After visiting all these hawker centres, Dr Tay found out that some hawkers are proud of their job and are filled with passion. For example some will insist to do hand-made fishballs or cockles to ensure that customers will be able to eat the freshest food. This is the enthusiasm shown by the hawkers towards their customers and has thus made Dr Tay love hawker food even more.
Introducing hundreds of local hawker delicacies
Other than loving good food, Dr Tay is also into cooking and has since done a thorough research on local delicacies. For example, to learn how to make roti prata, he bought 10kg of flour and tried his best to find out how to make yummy pratas. He even asks for advices from professionals how to “fly a prata”. At last, he successfully made pratas which won praises from people who have tasted it.
In his blog, he clearly states his opinions while visiting various hawkers and will state their signboard, address and opening time to allow food gourmets, like him, to be able to try local delicacies too.
In the past 4 years, Dr Tay has introduced more than 100 local hawker delicacies on his blog, for example the best char kway teow, Bak Kuh Teh, Satay Pork bellies, prawn noodles, char kway teow, oyster, rojak, teo chew porridge and fried carrot cakes. There are almost ten thousands hits on his blog every day. Dr Tay has once been interviewed by Fa Xing She, of which he introduces local delicacies during the interview. He says,” I hope that young people will get to know more about local delicacies. There was once when I shared my experience about local delicacies with students from NTU and found out that many of them were not familiar with Teo Chew porridge. My purpose of writing this book is to let them know that food is not meant to be eaten only, we also have to understand food culture.”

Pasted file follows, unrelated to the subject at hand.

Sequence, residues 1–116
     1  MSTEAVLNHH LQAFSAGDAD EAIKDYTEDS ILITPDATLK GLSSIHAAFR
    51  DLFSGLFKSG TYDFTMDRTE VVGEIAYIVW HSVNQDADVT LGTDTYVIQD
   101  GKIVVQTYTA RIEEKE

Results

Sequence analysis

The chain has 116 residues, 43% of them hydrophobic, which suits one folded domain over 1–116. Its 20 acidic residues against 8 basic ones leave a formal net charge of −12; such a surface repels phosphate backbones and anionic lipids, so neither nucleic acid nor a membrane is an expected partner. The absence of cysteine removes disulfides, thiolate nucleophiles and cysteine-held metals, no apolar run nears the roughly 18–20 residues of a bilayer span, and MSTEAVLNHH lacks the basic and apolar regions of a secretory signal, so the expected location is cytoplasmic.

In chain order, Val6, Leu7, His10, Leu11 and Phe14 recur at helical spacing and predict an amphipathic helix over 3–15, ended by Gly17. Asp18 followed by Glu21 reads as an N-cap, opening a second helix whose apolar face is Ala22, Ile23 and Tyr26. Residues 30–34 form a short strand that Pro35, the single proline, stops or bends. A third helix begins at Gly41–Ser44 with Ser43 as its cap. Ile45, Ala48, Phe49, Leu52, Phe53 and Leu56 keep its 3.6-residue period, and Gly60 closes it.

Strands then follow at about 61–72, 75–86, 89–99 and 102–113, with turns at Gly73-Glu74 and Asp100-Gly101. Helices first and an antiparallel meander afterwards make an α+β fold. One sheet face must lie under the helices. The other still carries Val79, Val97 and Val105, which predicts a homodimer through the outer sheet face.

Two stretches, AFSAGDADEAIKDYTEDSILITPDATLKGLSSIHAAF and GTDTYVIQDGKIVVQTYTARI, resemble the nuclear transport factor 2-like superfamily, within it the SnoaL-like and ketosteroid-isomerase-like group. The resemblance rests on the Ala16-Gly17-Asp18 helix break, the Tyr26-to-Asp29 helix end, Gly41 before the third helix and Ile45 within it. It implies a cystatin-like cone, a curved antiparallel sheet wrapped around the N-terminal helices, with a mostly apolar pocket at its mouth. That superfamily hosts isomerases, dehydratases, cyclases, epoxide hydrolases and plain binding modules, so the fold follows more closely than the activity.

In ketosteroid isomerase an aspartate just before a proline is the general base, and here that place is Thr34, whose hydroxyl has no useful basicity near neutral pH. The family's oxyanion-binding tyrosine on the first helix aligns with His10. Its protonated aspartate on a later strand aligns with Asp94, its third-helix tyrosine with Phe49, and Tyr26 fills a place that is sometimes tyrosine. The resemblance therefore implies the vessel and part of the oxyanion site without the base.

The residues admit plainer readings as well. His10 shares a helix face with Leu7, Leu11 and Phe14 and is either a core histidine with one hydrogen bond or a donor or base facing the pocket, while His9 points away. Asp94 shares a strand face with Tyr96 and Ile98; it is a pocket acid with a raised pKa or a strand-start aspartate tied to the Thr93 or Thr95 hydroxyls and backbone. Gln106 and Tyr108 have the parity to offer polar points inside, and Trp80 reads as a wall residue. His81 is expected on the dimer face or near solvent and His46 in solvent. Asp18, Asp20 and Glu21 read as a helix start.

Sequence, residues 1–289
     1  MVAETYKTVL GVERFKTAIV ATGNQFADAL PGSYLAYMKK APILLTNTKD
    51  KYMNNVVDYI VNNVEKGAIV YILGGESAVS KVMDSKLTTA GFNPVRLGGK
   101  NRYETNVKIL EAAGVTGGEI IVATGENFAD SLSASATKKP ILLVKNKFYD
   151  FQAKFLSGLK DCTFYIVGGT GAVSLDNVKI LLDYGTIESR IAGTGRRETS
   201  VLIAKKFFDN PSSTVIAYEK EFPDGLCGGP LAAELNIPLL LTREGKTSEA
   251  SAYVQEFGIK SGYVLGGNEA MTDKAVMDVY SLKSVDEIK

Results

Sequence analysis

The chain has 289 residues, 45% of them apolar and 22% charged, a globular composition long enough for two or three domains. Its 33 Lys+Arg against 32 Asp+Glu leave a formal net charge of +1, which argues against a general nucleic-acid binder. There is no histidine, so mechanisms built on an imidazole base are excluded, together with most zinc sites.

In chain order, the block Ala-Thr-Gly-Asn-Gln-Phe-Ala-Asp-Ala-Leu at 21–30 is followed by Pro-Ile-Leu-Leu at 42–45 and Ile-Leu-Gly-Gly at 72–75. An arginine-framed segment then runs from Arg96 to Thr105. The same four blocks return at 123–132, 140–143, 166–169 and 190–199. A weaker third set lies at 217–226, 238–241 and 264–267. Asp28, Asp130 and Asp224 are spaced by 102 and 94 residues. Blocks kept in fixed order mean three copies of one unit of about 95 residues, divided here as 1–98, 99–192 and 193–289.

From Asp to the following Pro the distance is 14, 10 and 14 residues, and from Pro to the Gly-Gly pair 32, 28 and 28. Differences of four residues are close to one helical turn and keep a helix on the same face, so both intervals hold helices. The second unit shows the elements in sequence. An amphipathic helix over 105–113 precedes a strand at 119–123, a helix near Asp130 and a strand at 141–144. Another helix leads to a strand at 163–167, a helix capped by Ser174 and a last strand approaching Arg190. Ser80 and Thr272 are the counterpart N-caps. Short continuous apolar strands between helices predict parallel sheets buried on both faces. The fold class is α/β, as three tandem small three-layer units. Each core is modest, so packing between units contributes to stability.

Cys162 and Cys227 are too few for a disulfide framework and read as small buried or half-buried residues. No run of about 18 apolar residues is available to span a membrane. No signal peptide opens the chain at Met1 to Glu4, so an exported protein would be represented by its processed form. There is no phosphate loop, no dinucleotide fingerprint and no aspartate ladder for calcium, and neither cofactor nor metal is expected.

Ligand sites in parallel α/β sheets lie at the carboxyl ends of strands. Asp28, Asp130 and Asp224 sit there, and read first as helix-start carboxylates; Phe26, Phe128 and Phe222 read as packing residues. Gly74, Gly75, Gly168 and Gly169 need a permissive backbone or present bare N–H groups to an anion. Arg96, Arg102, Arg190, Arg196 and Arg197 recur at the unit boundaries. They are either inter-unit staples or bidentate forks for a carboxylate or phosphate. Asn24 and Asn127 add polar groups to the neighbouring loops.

Dr Tay revealed that a blog post he has written about a certain hawker food will attract many customers to patronize that introduced hawker stall. Some hawkers will even visit his clinic to thank him for writing good critics about their food. Some hawkers will even send gifts to him during Chinese New Year. All their kind gestures have certainly made Dr Tay smile.
Local chef Peter Knipp pointed out on the preface of The End of Char Kway Teow and Other Hawker Mysteries that this book has contributed to local food culture and is definitely the best “food directory book”.
The End of Char Kway Teow and Other Hawker Mysteries is sold at 28 dollars. It will be made available at various bookstores after Christmas. Collected funds will be donated to the School Building Fund in Sandakan, Malaysia. The run-raising goal is targeted at 22 thousand dollars.
Coming Satuday, 7pm, there will be the launching of The End of Char Kway Teow and Other Hawker Mysteries and an autograph session at Littered With Books(20 Duxton Road).